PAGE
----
Recombinant growth hormone's effects on the strength and thickness of radiation-injured ileal anastomoses: A rat model

David F. Silver, Alex Simon, Norman H. Dubin, Clifford R. Wheeless

Research output: Contribution to journalArticlepeer-review

6 Scopus citations


Background. Small bowel resections following radiotherapy for gynecologic cancers have resulted in significant rates of morbidity and mortality. The objective of this study was to evaluate the effect of rGH on the breaking strength and thickness of radiation-injured ileal anastomoses in an animal model. Materials and methods. Sprague-Dawley rats were treated with 1800 cGy of pelvic irradiation in a single fractionation. Seventeen weeks following pelvic teletherapy an ileo-ileostomy was performed. The rats were randomized to receive 2.0 mg/kg/day of rGH for 7 days or placebo. On the seventh postoperative day a segment of ileum surrounding the anastomosis was resected. The segments were tested for breaking strength or were histologically measured for anastomotic thickness. Results. The ileal anastomotic breaking strength in the rGH group was 181 ± 8.4 g (mean ± standard error). The breaking strength of ileal anastomoses in the placebo group was 133 ± 6.9 g (P < 0.05). The rGH group demonstrated a greater anastomotic thickness (1.65 ± 0.116 mm) than the placebo group (1.17 ± 0.113 mm, P < 0.05). Of placebo rats 14.7% developed anastomotic leaks compared to 0% of rGH-treated animals (P < 0.05). Conclusions. RGH increased the ileal anastomotic breaking strength by 36% in radiated rats. The anastomotic leak rate was reduced from 14.7% in the placebo group to 0% in the rGH group. These findings correlated with a 41% increase in the thickness of the anastomotic connective tissue in the rGH group. Clinical investigation in selected patients is warranted.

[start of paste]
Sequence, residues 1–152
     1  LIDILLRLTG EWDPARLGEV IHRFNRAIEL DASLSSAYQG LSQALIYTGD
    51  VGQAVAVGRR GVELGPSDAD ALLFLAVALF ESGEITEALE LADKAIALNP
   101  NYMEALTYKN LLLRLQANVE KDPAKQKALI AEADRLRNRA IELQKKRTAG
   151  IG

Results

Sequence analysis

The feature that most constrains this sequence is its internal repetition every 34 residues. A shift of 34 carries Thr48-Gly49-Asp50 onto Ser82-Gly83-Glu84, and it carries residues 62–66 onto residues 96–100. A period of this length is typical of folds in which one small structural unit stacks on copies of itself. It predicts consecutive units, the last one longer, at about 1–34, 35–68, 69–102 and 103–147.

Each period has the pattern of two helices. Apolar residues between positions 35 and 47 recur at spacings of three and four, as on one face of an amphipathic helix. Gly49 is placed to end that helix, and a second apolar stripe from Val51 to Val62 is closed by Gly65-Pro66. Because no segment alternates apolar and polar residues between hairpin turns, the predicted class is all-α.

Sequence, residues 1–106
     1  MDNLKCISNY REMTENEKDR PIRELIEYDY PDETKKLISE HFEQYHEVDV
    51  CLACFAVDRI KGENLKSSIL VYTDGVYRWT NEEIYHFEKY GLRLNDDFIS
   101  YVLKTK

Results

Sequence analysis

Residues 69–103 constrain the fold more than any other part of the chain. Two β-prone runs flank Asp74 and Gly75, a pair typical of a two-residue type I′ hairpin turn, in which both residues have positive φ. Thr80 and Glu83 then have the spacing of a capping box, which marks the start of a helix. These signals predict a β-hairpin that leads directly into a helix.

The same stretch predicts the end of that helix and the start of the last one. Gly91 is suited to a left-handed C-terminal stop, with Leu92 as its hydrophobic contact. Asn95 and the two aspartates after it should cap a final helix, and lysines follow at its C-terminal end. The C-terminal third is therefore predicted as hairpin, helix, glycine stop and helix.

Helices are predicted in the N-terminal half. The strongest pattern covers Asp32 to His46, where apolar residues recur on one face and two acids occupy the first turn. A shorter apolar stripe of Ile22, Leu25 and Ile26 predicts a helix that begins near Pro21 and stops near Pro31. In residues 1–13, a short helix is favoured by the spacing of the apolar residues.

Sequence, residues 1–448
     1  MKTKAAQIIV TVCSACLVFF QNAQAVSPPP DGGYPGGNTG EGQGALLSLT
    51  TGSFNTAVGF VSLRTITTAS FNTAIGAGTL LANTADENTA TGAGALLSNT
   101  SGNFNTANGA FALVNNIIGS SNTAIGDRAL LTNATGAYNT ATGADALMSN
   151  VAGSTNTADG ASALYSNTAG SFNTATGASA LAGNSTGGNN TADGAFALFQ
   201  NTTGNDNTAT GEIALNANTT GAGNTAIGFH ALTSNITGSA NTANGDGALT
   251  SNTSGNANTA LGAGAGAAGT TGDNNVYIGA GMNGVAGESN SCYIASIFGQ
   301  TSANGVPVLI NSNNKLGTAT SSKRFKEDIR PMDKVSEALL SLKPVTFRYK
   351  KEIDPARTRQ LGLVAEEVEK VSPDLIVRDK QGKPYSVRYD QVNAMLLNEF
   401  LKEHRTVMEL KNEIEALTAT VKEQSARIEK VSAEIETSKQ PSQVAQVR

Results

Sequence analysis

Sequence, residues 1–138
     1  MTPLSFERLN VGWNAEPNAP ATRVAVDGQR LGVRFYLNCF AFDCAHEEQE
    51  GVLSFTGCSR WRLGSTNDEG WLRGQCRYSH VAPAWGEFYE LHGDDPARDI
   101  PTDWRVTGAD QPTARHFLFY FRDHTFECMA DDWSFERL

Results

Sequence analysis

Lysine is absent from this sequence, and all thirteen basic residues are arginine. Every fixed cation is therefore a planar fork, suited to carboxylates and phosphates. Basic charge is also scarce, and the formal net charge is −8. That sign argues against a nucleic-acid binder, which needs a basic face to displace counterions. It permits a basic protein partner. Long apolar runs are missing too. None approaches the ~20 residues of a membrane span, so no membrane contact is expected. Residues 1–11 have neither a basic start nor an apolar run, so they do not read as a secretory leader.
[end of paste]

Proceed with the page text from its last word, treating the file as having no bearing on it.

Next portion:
Original languageEnglish (US)
Pages (from-to)66-70
Number of pages5
JournalJournal of Surgical Research
Issue number1
StatePublished - Jul 1999


  • Animal model
  • Bowel anastomosis
  • Radiation injury
  • Recombinant growth hormone

ASJC Scopus subject areas

  • Surgery


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